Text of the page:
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The Science of Hugs


hug candy valentineIt’s Valentine’s Day! A day all about appreciating the ones we love, which can include giving gifts, having special meals, and spending time together. But none of those would mean as much without a big ol' hug!

Hugs from loved ones and friends make us feel good - we feel more connected and supported. But the benefits don’t stop there.

Science tells us that hugs can actually make us healthier.


For example, hugs make us less stressed. Now, we think of stress as a bad thing, but evolutionarily it’s really quite ingenious. The hormones released during stress help us to be at our peak in fight or flight situations, like running from a lion (back in the old days). Our heart rate increases, blood pressure goes up, muscles get energized, and you even think more clearly.

lion causes stressMost of us aren't trying to escape from lions nowadays. Today stress is more likely to be the day to day worries we carry around with us.

Neurologist Robert Sapolsky says, "For 99 percent of the beasts on this planet, stress is about three minutes of screaming in terror after which it’s either over with or you’re over with.  And we turn it on for 30-year mortgages.”

The effects of having our bodies bathed in stress hormones long term are devastating. Along with increased heart rates and prolonged high blood pressure, other nonessential systems get turned off, like your digestion, growth, and notably, your immune system.

When your body is always in high gear, the risks go up for diabetes, digestion issues, heart problems, and susceptibility to illness.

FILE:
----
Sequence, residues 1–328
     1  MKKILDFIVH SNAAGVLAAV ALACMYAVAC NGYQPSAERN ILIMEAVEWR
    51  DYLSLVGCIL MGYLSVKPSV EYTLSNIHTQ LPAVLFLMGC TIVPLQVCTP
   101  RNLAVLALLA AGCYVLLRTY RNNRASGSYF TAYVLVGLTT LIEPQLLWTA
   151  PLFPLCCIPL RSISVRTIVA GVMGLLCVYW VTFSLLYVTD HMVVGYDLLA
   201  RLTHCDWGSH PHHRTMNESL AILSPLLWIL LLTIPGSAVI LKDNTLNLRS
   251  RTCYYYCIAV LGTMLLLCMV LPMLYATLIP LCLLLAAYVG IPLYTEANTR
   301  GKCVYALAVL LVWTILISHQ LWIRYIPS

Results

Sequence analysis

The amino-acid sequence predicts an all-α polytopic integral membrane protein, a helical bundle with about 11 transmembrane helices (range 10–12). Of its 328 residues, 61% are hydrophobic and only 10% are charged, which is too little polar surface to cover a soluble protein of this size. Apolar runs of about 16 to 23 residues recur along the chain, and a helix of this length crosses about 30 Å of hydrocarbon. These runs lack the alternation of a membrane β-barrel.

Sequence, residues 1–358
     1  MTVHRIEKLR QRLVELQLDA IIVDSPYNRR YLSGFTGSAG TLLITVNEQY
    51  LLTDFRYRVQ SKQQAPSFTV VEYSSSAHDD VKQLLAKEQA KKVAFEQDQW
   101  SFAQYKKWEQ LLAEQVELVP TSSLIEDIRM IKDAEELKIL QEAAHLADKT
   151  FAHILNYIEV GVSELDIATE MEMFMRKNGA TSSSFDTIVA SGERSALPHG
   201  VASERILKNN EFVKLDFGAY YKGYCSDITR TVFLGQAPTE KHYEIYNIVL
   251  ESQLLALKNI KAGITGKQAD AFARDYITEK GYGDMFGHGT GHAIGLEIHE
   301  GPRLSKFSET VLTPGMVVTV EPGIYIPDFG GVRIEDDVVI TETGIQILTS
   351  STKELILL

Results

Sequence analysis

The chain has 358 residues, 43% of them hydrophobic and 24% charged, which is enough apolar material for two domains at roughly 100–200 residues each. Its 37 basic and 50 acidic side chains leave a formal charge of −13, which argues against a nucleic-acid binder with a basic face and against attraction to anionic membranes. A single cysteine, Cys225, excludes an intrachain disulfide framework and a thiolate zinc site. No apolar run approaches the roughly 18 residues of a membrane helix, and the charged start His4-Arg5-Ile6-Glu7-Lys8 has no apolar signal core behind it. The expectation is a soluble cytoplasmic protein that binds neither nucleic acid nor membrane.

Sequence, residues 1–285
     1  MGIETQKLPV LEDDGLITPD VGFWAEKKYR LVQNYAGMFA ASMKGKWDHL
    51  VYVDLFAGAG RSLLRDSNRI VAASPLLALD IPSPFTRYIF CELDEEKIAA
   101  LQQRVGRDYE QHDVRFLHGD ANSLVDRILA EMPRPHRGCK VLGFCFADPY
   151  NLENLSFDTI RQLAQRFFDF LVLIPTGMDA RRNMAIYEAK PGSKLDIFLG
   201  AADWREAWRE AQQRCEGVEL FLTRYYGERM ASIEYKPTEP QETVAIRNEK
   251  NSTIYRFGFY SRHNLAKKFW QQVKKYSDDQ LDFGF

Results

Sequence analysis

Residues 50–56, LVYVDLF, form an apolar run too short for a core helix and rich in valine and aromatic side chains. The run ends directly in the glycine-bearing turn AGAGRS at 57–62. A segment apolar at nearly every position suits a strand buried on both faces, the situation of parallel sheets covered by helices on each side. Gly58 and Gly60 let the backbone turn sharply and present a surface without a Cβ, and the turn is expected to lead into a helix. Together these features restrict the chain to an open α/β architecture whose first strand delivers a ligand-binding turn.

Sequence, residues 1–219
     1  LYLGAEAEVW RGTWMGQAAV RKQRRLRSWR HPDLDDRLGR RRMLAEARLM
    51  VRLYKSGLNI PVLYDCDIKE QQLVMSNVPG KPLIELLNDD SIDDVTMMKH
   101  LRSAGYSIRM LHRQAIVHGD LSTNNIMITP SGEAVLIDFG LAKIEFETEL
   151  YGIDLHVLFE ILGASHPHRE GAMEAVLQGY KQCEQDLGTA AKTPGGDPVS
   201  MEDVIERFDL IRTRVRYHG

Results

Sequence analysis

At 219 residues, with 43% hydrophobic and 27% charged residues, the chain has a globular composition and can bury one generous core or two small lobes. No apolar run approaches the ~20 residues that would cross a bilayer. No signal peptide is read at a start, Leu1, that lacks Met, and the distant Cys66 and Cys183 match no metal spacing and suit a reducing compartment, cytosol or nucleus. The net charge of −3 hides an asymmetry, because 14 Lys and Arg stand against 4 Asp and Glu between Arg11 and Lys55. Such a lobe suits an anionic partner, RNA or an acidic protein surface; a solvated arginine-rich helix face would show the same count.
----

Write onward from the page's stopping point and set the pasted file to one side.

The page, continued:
girls hugThe challenge is to find ways to turn off those stress signals and give our bodies a break. Valentine’s Day is a chance to try out one of the best ways – hugging.

Turns out hugs reduce stress both directly, and psychologically. The benefit of hugs may seem obvious on an emotional level, but let's take a look at the science too:

  • Hugs involve putting pressure on the skin, which contains receptors called Pacinian corpuscles. These little bio triggers send signals to a nerve bundle in the brain called the vagus nerve. A hug tells the vagus nerve to slow down the heart, which then decreases blood pressure.

  • Hugging makes us feel part of a supportive social network. According to the World Health Organization, feeling part of a community is a major determinant of health. A recent study shows evidence that hugging conveys social support, which is directly linked to healthier immune systems, and better antibody responses to vaccines. Hugs can literally help to ward off the common cold!

  • Hugging decreases the stress hormone cortisol, calming us down.

    girl hugs dog
  • Hugging triggers the release of the hormone oxytocin, which promotes feelings of trust, bonding and loyalty. Known affectionately as the ‘cuddle hormone’, this little chemical is the foundation for human connection.
So there you have it:  hugging is good for your health! And for you pet lovers out there, hugging and contact with your pet counts, so take time for cuddles from your dog and cat too!

Chelsea Schuyler
Chelsea Schuyler